ALASKAVIDEOSHOOTER.COM is a blog about documentary filmmaking, video production, and the gear that makes it possible.

The blog is edited by Slavik Boyechko, co-owner of Video Dads LLC, which provides video production in Portland Oregon and in Alaska, as well as Gear Dads, a site about videography and video production equipment.

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All posts in Behind INDIE ALASKA

Behind INDIE ALASKA: Ski Bums

Right now I’m editing the 52nd episode of INDIE ALASKA. That marks a full year of weekly documentaries (!), and boy did we learn a lot about video production in Alaska in the last year.


To continue the chronological behind-the-scenes posts of episodes (that I worked on*), here’s the story behind Episode 5: “I Am A Volunteer Ski Bum.”

On the heels of our first episode on the Ski Train, Travis was working on “I Am An Ice Diver,” and I was going to come along to help shoot. It took a lot of time to pack and get everything ready, so when Saturday morning we found out the ice dive had to be postponed (due to weather), we scrambled.


Although we wanted to feature Arctic Valley Ski Resort eventually, we certainly didn’t intend to do another ski-related episode immediately after our first one. But at the time I was still in charge of member fundraising at the station, so my shooting time was limited, and we had already set aside all day Saturday to shoot. So with our bags packed and ready to shoot, and with no preproduction or subjects contacted, we set off anyway.

Well, on this day there was a huge snow storm. Many of the cars in front of us going up to Arctic Valley couldn’t even make it up without turning back around. So as far as shooting scenarios, this was going to be a pretty grim (and wet) day.

Travis was smart to wear waterproof bibs.

Travis was smart to wear waterproof bibs.

Needless to say, our cameras were soaked the whole time, there was water in front of the lens, and we could barely see what we were shooting. Which was not much, since it was mostly flat white snow.


On top of the shooting difficulties, we also didn’t know who we were featuring or what the story would be (or where we could interview). Very quickly, however, we could see that volunteers were basically keeping the place alive. And then our friend Harry Need, also a volunteer, tracked down a couple people we could talk to, as well as a private cabin where we could interview.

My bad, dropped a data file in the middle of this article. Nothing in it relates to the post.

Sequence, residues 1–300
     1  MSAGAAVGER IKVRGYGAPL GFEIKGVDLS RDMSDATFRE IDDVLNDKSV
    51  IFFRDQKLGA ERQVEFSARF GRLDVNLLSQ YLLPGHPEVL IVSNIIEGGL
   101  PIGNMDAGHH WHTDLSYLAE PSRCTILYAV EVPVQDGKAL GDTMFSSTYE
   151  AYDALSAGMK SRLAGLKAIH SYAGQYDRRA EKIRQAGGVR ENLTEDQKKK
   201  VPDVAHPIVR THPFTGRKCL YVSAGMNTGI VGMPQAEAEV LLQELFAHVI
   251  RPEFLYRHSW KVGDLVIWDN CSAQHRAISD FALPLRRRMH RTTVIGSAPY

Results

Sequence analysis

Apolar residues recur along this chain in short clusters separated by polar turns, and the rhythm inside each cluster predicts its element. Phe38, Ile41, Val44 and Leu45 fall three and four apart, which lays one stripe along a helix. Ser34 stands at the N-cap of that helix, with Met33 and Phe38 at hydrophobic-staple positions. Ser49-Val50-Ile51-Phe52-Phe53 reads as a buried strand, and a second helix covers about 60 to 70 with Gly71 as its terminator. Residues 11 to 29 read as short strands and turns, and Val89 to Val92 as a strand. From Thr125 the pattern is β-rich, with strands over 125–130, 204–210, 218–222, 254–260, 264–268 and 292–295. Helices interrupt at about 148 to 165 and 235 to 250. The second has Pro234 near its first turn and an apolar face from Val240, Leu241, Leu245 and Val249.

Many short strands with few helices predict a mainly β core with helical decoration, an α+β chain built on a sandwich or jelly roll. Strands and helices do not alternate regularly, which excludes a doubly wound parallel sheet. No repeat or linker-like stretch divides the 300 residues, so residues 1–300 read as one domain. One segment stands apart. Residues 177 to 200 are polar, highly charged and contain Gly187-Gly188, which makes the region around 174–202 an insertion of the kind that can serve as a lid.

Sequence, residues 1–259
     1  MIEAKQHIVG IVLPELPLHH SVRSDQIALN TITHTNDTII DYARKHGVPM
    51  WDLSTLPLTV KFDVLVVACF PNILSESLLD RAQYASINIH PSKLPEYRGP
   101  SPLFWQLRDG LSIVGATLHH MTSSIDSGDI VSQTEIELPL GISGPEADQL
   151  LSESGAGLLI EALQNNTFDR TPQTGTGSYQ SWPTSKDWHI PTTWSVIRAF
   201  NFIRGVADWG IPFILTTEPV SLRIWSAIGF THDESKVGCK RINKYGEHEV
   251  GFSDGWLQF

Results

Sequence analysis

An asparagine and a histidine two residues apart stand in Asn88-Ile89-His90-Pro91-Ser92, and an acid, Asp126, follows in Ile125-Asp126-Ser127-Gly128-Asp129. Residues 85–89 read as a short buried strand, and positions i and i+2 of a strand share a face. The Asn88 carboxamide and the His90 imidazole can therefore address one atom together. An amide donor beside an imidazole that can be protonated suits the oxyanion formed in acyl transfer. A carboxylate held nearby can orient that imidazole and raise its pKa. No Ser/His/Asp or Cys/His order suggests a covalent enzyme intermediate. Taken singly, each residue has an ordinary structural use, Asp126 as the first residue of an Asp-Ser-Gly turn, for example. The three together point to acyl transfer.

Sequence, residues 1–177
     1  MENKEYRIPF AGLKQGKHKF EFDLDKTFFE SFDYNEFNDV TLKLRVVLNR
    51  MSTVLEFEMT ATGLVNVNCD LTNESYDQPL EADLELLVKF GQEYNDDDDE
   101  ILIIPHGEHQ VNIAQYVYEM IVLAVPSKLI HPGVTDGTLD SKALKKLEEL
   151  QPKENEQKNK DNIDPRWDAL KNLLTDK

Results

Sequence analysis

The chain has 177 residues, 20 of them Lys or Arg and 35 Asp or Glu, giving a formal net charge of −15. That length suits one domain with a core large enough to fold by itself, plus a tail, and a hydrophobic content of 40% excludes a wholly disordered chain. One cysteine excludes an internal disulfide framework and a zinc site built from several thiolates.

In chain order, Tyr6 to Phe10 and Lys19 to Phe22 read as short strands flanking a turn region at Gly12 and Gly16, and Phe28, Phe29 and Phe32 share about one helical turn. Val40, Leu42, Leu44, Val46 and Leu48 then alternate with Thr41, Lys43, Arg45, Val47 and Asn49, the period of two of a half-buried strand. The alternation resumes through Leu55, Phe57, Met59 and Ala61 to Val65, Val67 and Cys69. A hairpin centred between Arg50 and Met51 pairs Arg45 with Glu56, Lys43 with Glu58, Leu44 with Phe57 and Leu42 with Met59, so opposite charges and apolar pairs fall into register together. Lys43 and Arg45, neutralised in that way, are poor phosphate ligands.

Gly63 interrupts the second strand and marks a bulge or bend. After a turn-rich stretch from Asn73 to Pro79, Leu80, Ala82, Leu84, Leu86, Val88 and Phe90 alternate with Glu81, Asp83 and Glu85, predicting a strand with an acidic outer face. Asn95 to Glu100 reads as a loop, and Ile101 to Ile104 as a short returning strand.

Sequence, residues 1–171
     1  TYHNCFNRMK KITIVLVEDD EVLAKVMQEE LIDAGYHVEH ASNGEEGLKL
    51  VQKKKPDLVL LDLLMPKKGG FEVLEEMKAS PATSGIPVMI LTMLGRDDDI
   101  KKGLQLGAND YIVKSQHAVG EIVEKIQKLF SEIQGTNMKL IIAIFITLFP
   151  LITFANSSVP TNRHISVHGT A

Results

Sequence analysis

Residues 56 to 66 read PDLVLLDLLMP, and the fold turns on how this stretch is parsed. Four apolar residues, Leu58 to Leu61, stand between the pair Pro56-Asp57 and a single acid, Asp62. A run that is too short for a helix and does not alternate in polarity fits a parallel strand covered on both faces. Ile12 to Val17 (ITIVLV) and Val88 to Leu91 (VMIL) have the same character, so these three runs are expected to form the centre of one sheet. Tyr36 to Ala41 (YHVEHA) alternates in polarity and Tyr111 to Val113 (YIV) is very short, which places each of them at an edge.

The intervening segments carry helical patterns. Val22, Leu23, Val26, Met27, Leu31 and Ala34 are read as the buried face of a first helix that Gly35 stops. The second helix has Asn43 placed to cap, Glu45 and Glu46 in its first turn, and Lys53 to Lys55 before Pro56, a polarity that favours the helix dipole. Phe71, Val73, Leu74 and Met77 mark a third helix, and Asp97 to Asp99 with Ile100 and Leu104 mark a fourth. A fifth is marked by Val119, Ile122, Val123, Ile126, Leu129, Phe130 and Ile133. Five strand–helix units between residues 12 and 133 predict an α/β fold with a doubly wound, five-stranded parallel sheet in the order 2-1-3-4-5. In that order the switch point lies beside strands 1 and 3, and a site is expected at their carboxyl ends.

And it also happened to be the Merry Marmot Festival that day, with races and festivities. So in the end, we put together a story that was both about the volunteers, as well as the festival. 50 episodes later, I think we’re a lot better at pre production, but with a weekly series sometimes you just gotta go with the flow!

*I didn’t work on episodes 2-4 – “I Am An Ice Diver,” “Singer/Songwriter Emma Hill,” and “I Am A Native Youth Olympian” – so I won’t be writing about these. And episodes 6-7 – “I Am A Paramotorist” and “I Am A Musk Ox Farmer” were also made by Travis and John. So next time I’ll be going straight to Episode 8, “I Am A High School Indie Rock Star.”…

Behind INDIE ALASKA: Ski Train

Since I’ve just started tweeting this blog (@akvideoshooter) I figured I’d also go back to the older Indie Alaska videos for some behind the scenes.

So let’s go back to the very first one!


The Ski Train is an institution in Southcentral Alaska. Early in the morning hundreds of cross-country skiers board a train in Anchorage, and hours later arrive in a pristine area full of untouched snow, and then party to polka on the way back home.

At least that’s what I heard. Truth is, neither Travis nor I had ever been on the Ski Train before we scheduled the shoot. I always thought it was for serious skiers.


So we didn’t quite know what the story was going to be. This was, after all, our first attempt at an Indie Alaska. All I knew was, polka band, and serious skiers.

When we arrived at 6:30am at the train station, we were immediately offered shots of Jaegermeister. What? These skiers weren’t that serious after all.


Okay so fast forward to the shooting. Some challenges were tight spaces, rocking train, and still no idea what the story would be. We needed interviews, but everyone on the train was partying, and later they would be skiing, before partying again.


When we arrived in Curry, we had already filmed a few hours of footage, mostly of the polka band performing a few songs in each car. And when all the skiers had disappeared into the hills, the polka band stayed behind for beers and cigars. Here was our story.

Thank goodness, because although Travis and I brought some waxless skis, we weren’t sure about lugging all our gear to a remote hill to chase down interviews. And also if you’re not back in time, the Ski Train leaves without you (they leave an overnight survival bag with blankets and food, and maybe Jaegermeister).